Tags:  accounting  Bookkeeping  contracts  CPA  debt cancellation  debt collection  family-owned business  finance  financing  legal advice  legal services  small biz  small business  Taxes 

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DOL's Revised, Final Rule on Overtime Doubles Minimum Salary Level Starting December 1, 2016

Posted By Daniel Schenck, Clark Hill PLC, Wednesday, May 18, 2016

It Still Hurts - DOL's Revised, Final Rule on Overtime Doubles Minimum Salary Level Starting December 1, 2016

By: Paul A. Wilhelm


On May 18, 2016, the Department of Labor ("DOL") issued its long-awaited Final Rule for overtime exemptions, focusing on the "white collar" exemptions (executive, administrative, professional and certain computer employees). The Final Rule comes after the DOL processed 270,000 public comments on its proposed rule about which we wrote you, from late last summer. The Final Rule will take effect December 1, 2016 and will:

  1. Raise the minimum annual salary level required for "white collar" exemptions to $47,476 ($913 per week), up from the current $23,660 ($455 per week) - an increase of just over 100%. (Recall, the salary level test does not apply to doctors, lawyers, or teachers, and certain computer employees can be exempt if paid at least $27.63 per hour and meet applicable duties tests.) This final level is down slightly from the $50,440 annual figure proposed last June.
  2. For the first time, allow employers to use nondiscretionary bonuses and incentive payments (including commissions) to satisfy up to 10% of the standard salary level (i.e., up to $91/week or $4,732 total annually), provided these payments are made on a quarterly or more frequent basis. The remaining 90% of the required, new salary level is $822/week, or $42,744 annually, totaling $47,476.
  3. Raise the minimum salary for those covered under the "highly compensated employee" exemption, from $100,000 in total compensation annually, to $134,004 - an increase of 34%. This final level is higher than the proposed rule, which had called for a new level of only $122,148 - an increase of 22%.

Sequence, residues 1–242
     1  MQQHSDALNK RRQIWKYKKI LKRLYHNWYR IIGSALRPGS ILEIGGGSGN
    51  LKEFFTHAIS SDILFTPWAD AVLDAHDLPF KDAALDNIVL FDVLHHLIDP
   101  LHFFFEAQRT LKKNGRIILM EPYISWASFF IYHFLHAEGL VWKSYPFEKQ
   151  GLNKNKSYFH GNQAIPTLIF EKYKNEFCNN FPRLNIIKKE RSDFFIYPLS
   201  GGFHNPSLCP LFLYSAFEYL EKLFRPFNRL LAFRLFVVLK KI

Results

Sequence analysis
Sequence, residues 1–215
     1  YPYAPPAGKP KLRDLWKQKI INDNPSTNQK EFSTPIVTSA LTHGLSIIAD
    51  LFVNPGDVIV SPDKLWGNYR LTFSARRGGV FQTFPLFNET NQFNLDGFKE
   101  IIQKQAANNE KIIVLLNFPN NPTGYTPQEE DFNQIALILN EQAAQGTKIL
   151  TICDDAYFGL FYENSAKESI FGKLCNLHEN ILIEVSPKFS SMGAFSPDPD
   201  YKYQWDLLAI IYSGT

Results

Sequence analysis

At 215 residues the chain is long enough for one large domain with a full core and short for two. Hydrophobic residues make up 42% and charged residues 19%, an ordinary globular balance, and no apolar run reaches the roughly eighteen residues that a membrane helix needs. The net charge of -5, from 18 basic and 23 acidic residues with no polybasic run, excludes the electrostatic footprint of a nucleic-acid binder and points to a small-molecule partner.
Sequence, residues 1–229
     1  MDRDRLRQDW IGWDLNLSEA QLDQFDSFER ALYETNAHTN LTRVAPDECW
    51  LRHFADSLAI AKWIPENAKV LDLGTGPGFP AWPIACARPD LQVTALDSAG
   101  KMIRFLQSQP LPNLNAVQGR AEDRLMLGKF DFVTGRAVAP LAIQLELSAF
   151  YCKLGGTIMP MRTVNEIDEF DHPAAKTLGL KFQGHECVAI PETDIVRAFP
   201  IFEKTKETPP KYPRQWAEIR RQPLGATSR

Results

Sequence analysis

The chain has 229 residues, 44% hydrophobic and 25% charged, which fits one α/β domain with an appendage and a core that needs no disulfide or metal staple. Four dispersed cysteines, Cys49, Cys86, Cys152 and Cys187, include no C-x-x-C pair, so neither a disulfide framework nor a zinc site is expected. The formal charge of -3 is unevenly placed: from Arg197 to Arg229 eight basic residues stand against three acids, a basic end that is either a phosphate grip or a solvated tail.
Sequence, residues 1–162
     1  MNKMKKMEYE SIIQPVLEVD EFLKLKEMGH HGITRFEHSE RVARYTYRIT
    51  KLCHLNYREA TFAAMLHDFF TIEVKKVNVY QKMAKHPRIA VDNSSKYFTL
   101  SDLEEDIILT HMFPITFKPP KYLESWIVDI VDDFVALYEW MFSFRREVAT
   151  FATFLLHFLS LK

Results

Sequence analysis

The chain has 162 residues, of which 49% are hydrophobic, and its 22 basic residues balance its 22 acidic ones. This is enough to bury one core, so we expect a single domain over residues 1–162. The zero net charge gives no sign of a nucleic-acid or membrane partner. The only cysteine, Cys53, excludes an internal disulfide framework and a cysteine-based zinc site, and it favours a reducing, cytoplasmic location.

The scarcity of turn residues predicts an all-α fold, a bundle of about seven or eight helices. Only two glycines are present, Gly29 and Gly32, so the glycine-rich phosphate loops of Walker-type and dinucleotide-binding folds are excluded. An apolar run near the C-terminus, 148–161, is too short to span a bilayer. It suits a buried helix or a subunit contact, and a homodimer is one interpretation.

4. Impose an escalator provision into the FLSA, automatically "updating" the above salary levels every three years, beginning on January 1, 2020, by tying the levels ad infinitum to certain economic measures. The proposed rule had called for annual "updates."
  5. Impose no changes to the duties tests. The DOL had sought comments on possible changes to the standard duties tests for these exemptions, but decided not to make any such changes.

Misclassification of salaried-exempt employees is among the fastest-growing civil actions in both federal and state courts. With the Final Rule, the incentive for employees (and/or the DOL) to claim misclassification has increased. We advise clients to begin assessing whether they wish to pay the higher salaries and/or take other measures. We also advise them to review the duties of their employees that are or may be classified as salaried-exempt to ensure they meet the various duties tests for the white collar exemptions.


Look for an announcement regarding the launch of Clark Hill's FLSA Compliance Toolkit through HR Advantage coming soon. If you have additional questions, contact Paul A. Wilhelm at (313) 309-4269 |, or another member of Clark Hill's Labor and Employment Practice Group.

Tags:  finance  legal  salary  small business 

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International Fraud Scheme

Posted By George (Clint) Frederick CPA PLLC, George Frederick CPA PLLC, Thursday, November 12, 2015